Breaking News - the resignation of Percy Mackrill. A good potted biography; but did he jump or was he pushed? And what became of him afterwards? He wasn't yet thirty-five.
And what about this? "Exeter City cannot be compared with the Exeter of past seasons and this season they are faring just about as badly as we were this time last year". Well look at them now...
That's a useful service offered by Borough Motor Service Garage - "garage your car during match". Why? Was it not safe to park near Plainmoor with all those passing trams? Or perhaps going to the football wasn't quite like attending the "house of refined entertainment" that was the Electric Theatre.
I like the fact Pickfords were inviting supporters to "follow your team" to away matches. Proof that this has been something in the blood for nearly as long as there has been a Torquay United. There's a whole history of following United away waiting to be written. I think James missed a trick there when it came to the doctoral thesis. In time maybe?
HJ Steer, newsagents in St Marychurch, had a branch at "37 Barton". That's baffling. Fore Street, Barton? Barton Road? Barton Hill Road?
Gentlemen! Remember to put your hand in your pocket for the band. Or else there will be no music. Was that a promise or a threat?
The children's privileges piece is quaint. "Your boy" indeed. At no juncture is there any suggestion that anybody other than males would be present at matches. What would have been the reality?
And, finally, a blank space with no advert: "To let. Apply: P Mackrill, Plainmoor Football Ground". Percy's duties were clearly many and varied. It's possible he'd had enough of it all.
A.H (Bert) Hoskins, the man who didn't manage Torquay United, was a Southampton man. He'd enjoyed a modest playing career - initially with Southampton and Wolves; later in Midlands non-league - before taking on an administrative role at Molineux. He became secretary of Wolves in 1922; manager in 1924; manager of Gillingham in 1926. His Wiki entry doesn't record any substantial involvement in senior football beyond 1929. It doesn't appear he snubbed Torquay United for greater glories.
Even though Percy Mackrill was born in South Africa, I wonder if he was pretty much a Yorkshireman? We're led to believe his first club was Bradford Park Avenue; his next Rotherham County. Place of death? Halifax. Strong White Rose credentials but the place of birth would have snookered his Yorkshire cricketing hopes (unless he was a very fine gentleman). Wynberg near Cape Town (there's another close to Johannesburg) was a garrison town. Perhaps Percy was from a military background; a son of a son of the West Riding.The online clues are conflicting. There are Mackrills in the Cape during the first half of the nineteenth century; several decades later there are Mackrills running pubs in the Halifax area.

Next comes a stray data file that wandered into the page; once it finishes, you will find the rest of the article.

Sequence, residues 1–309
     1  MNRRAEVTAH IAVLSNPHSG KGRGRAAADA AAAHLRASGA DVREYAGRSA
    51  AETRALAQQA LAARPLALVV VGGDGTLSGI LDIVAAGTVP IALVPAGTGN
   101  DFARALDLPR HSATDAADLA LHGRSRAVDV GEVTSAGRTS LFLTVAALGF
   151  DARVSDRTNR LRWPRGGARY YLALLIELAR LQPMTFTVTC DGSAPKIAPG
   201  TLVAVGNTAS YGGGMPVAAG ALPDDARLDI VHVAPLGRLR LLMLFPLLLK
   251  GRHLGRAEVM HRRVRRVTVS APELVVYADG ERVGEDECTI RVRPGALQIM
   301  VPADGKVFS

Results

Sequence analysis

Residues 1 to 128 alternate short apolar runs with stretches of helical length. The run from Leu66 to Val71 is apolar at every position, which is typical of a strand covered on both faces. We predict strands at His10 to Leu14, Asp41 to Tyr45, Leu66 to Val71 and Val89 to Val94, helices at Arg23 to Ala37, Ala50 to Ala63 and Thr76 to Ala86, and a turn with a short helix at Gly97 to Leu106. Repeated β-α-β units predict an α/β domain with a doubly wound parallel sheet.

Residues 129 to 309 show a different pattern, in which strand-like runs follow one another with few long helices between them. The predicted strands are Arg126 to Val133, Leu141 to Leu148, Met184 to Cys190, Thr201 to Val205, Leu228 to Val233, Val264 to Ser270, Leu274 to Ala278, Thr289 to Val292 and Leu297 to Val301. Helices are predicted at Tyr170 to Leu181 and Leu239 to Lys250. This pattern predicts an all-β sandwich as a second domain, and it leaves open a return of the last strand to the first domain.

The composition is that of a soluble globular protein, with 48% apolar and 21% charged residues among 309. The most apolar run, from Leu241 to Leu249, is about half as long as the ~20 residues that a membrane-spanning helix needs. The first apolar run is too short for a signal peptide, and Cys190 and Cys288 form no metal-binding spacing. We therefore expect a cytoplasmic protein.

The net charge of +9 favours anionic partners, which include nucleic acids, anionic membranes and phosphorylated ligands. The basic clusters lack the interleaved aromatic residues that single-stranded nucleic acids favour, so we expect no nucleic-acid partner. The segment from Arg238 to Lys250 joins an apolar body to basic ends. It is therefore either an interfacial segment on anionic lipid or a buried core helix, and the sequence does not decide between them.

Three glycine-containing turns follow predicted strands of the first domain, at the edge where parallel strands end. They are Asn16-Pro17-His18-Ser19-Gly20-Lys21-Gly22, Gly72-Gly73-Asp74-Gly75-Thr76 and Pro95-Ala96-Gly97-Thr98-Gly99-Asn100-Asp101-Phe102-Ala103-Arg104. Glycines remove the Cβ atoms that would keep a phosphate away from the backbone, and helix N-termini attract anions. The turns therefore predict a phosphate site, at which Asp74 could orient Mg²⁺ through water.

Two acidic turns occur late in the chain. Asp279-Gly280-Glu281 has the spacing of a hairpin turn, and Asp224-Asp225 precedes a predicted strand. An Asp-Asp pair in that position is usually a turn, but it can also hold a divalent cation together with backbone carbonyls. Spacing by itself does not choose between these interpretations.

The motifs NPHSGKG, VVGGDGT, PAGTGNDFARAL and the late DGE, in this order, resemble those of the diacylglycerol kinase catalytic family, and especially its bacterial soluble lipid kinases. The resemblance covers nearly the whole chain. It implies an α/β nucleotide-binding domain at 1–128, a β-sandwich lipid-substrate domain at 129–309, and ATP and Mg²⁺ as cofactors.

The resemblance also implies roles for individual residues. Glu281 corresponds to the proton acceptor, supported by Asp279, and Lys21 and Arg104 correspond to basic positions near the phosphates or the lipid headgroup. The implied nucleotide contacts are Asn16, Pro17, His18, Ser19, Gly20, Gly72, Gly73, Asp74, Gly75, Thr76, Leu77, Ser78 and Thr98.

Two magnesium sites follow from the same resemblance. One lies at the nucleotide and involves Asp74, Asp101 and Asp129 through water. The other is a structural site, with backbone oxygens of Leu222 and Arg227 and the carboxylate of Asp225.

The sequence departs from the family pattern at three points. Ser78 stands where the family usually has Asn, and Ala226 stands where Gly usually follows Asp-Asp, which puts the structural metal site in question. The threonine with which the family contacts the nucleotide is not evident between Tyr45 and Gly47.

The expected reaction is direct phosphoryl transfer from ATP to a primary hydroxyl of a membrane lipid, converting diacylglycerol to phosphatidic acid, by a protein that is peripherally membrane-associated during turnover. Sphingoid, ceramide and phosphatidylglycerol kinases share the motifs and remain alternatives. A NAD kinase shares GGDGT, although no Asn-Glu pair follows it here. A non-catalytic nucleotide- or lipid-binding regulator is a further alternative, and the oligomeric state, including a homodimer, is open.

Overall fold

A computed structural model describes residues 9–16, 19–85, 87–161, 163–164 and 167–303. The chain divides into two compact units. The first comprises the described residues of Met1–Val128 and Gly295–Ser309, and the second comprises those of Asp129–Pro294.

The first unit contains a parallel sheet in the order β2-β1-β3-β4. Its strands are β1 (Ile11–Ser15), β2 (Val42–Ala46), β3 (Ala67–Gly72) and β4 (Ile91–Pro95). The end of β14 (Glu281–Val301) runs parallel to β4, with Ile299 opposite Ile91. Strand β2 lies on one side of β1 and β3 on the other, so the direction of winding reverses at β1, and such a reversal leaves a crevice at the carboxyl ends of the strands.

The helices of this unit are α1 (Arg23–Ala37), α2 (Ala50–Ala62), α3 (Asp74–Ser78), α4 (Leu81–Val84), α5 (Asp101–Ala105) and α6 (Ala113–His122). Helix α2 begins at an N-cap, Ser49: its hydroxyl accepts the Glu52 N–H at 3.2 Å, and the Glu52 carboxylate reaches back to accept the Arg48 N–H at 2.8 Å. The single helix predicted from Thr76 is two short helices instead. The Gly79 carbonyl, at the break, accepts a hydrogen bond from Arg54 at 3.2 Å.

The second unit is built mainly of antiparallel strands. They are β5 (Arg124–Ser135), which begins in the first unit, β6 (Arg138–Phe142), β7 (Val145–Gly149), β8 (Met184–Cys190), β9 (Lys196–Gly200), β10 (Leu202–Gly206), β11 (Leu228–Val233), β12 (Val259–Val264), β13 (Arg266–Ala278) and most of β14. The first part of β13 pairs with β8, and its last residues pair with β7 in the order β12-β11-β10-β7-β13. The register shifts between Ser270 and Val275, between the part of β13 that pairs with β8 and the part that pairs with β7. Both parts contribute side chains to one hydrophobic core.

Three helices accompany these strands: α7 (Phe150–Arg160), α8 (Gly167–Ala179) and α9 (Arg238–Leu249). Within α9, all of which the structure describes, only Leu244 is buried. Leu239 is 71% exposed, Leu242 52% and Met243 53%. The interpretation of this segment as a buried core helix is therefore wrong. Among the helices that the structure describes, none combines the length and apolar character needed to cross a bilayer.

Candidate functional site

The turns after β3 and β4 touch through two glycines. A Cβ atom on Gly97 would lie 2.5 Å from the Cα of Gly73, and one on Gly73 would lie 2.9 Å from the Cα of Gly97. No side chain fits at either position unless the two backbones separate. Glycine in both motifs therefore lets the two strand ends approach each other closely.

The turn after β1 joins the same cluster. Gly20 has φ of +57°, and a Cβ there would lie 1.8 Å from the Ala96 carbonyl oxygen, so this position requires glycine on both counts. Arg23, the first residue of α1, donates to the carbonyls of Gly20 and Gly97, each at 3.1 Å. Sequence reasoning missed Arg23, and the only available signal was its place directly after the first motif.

Jon's cuttings record the bare bones of Percy's time at Plainmoor: Mackrill arrived at Plainmoor in 1925 and left in 1929. A slightly shorter run than Paul Buckle but certain parallels: the first two seasons outside the Football League; the third and fourth as League members. Percy joined us from Pontypridd who'd done better than Torquay in successive seasons. They soon fell away.
Percy's reasons for moving to Rotherham in 1929 are unexplained other than to say they were not of a footballing nature. With his earlier Rotherham connection it's possible to conclude that, if she existed, Mrs Mackrill hailed from those parts. Yet it appears Percy was soon on the move again. A reference on Malcolm Bull's Calderdale Companion (http://freepages.history.rootsweb.ancestry.com/~calderdalecompanion/m.html) has Percy as landlord of the Globe in Halifax from 1931 to 1949 (which Wiki records as the time of his death. Did we know this already?). The Globe, apparently, was next door to the Grand Theatre and much-frequented by artistes. The Grand, as were so many Victorian and Edwardian theatres, was designed by Frank Matcham who hailed from Newton Abbot.